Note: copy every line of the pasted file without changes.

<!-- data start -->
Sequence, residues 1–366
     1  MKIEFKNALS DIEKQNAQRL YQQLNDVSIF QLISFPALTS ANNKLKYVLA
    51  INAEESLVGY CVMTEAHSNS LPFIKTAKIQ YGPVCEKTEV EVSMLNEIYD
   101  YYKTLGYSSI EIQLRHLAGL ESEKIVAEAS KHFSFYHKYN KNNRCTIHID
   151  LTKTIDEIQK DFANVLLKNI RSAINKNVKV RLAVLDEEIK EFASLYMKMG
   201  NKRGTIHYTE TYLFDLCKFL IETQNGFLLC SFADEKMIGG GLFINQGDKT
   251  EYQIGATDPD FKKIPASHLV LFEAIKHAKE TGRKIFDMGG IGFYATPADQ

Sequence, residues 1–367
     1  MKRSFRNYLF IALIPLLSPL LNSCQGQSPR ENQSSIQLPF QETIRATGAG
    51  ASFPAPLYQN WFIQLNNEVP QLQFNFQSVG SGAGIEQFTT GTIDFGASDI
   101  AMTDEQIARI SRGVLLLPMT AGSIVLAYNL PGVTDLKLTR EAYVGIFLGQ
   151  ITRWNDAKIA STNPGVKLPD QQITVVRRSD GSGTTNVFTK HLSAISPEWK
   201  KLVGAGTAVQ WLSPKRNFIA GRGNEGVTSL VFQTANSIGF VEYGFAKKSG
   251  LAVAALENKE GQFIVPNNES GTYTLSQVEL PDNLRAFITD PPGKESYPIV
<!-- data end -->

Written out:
Sequence, residues 1–366
     1  MKIEFKNALS DIEKQNAQRL YQQLNDVSIF QLISFPALTS ANNKLKYVLA
    51  INAEESLVGY CVMTEAHSNS LPFIKTAKIQ YGPVCEKTEV EVSMLNEIYD
   101  YYKTLGYSSI EIQLRHLAGL ESEKIVAEAS KHFSFYHKYN KNNRCTIHID
   151  LTKTIDEIQK DFANVLLKNI RSAINKNVKV RLAVLDEEIK EFASLYMKMG
   201  NKRGTIHYTE TYLFDLCKFL IETQNGFLLC SFADEKMIGG GLFINQGDKT
   251  EYQIGATDPD FKKIPASHLV LFEAIKHAKE TGRKIFDMGG IGFYATPADQ

Sequence, residues 1–367
     1  MKRSFRNYLF IALIPLLSPL LNSCQGQSPR ENQSSIQLPF QETIRATGAG
    51  ASFPAPLYQN WFIQLNNEVP QLQFNFQSVG SGAGIEQFTT GTIDFGASDI
   101  AMTDEQIARI SRGVLLLPMT AGSIVLAYNL PGVTDLKLTR EAYVGIFLGQ
   151  ITRWNDAKIA STNPGVKLPD QQITVVRRSD GSGTTNVFTK HLSAISPEWK
   201  KLVGAGTAVQ WLSPKRNFIA GRGNEGVTSL VFQTANSIGF VEYGFAKKSG
   251  LAVAALENKE GQFIVPNNES GTYTLSQVEL PDNLRAFITD PPGKESYPIV